Working With Blueberries

Blueberries are delicious added to muffins, cakes and pancakes.  I also like to make cobblers, tortes, pies and jelly. They provide vitamins A, C, E and folic acid.  That little blue fruit is packed with a higher level of antioxidants than most other fruits.

I love to pick fresh blueberries whether farm grown or wild.  In Alaska there are both low bush and high bush wild  blueberries growing all over the place.  Blueberries ripen in the fall inviting many people to pick the tangy fruit while watching for hungry berry bears.

Freezing freshly picked fruit provides tasty treats throughout the winter and should be done as soon after picking as possible to preserve taste and vitamins. Spread some paper towels out on a baking sheet to provide a place to dry the rinsed berries. Using a baking sheet with sides will prevent the berries from rolling onto the counter top or floor.

You might just as well put on some good music, as this will take a while. First clean the berries by filling a large bowl or clean sink with cold water then gently pouring the berries into the water. The berries and leaves will float. Run your flat hand under the berries and lift a handful up. Most of the leaves will remain in the water. Pick out undesirable berries, leaves and debris then place them on the paper towels to dry. Do this a few hundred times and you'll be ready to freeze the berries.

Some studies show that washing blueberries before freezing toughens the skin. This may be the case but I like to wash the berries and pick out any leaves, over ripe or under ripe berries before freezing. I use the berries for baking or pancakes and tough skins don't seem to be an issue.

When dry, spread the blueberries in a single layer on a baking sheet with sides. At this point you should not have any paper towels on the baking sheet. Place the blueberries in a freezer, keeping the baking sheet level. By freezing the berries in a single layer they will remain loose for the most part, not frozen in clumps so that they can be measured for recipes.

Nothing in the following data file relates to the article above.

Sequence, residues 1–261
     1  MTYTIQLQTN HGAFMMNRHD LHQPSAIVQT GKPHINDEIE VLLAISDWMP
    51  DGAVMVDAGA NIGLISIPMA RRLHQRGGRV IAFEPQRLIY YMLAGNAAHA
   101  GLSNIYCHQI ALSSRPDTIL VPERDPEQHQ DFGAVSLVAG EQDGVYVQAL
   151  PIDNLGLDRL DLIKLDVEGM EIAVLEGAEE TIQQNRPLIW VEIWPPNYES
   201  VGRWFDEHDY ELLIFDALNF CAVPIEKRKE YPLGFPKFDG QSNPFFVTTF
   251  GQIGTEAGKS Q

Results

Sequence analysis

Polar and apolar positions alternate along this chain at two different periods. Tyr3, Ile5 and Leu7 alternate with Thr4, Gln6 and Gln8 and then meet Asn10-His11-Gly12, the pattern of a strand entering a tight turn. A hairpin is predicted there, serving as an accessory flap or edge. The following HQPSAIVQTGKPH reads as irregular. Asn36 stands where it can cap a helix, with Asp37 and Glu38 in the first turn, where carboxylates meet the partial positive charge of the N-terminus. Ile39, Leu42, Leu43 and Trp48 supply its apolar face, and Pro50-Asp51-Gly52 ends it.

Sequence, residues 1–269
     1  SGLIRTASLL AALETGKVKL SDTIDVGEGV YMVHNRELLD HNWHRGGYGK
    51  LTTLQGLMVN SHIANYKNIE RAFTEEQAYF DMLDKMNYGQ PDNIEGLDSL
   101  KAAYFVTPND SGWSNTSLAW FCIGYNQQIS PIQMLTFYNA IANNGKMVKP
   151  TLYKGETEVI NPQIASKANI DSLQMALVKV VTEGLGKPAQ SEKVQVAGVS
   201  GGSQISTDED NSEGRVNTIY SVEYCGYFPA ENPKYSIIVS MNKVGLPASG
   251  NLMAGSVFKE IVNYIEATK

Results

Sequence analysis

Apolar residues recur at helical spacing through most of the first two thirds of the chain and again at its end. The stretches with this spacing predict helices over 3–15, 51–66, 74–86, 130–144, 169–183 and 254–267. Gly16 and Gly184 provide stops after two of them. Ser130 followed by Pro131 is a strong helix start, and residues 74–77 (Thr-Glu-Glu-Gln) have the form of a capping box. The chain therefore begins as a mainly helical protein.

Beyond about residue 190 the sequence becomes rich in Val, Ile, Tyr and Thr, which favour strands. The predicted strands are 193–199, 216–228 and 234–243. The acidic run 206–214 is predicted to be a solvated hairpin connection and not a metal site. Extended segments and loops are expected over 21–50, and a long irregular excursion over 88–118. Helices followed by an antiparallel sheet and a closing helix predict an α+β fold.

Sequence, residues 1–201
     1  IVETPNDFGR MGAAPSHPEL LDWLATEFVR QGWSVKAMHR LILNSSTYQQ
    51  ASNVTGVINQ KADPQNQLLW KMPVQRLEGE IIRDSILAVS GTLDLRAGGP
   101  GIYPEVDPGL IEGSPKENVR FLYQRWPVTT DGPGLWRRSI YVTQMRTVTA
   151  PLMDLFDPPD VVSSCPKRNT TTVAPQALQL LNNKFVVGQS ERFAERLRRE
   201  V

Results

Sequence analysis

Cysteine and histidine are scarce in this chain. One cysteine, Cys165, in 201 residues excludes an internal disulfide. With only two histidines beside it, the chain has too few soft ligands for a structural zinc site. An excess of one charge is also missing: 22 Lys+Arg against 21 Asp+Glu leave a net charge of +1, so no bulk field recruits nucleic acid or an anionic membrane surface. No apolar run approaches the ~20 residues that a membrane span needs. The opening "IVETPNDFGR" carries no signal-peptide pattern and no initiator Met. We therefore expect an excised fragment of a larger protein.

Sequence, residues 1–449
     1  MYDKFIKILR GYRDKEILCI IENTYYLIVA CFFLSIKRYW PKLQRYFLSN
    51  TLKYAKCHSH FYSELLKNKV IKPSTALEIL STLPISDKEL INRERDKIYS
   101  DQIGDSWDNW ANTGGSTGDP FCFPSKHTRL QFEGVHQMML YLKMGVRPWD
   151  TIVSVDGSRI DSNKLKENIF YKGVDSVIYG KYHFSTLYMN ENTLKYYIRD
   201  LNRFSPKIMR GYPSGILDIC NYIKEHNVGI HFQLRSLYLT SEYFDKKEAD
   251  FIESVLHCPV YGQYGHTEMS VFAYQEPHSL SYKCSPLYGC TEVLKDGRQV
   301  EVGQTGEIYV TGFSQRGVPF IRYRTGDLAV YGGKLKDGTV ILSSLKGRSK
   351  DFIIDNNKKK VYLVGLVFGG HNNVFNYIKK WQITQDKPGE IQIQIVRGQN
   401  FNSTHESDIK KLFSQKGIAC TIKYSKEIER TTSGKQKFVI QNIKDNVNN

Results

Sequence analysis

Write the date and the word blueberries on the bag before filling. Once they are frozen pour the berries into plastic freezer bags to prevent freezer burn. I use quart size zip top bags so that I can take out just the right amount and place the rest back in the freezer. Make sure to gently remove as much air as possible before closing the bag.

I like to drop frozen blueberries into my pancakes when they are on the griddle. Just drop a handful onto the batter before it sets up. Frozen blueberries can also be used in muffins, cobblers and tortes. They are easier to handle when frozen and thaw as they cook.

When making Jams, Jellies, pies and sauces it is best to un-thaw the berries by placing them in a bowl, on the counter or in the refrigerator, depending upon how soon they are needed.

If you don't have wild blueberries in your area, look for a farm that has pick-your-own. Picking blueberries is a fun way to spend the day and you certainly get the freshest fruit. Blueberries from the grocery can also be used and should be frozen as soon as possible for best taste.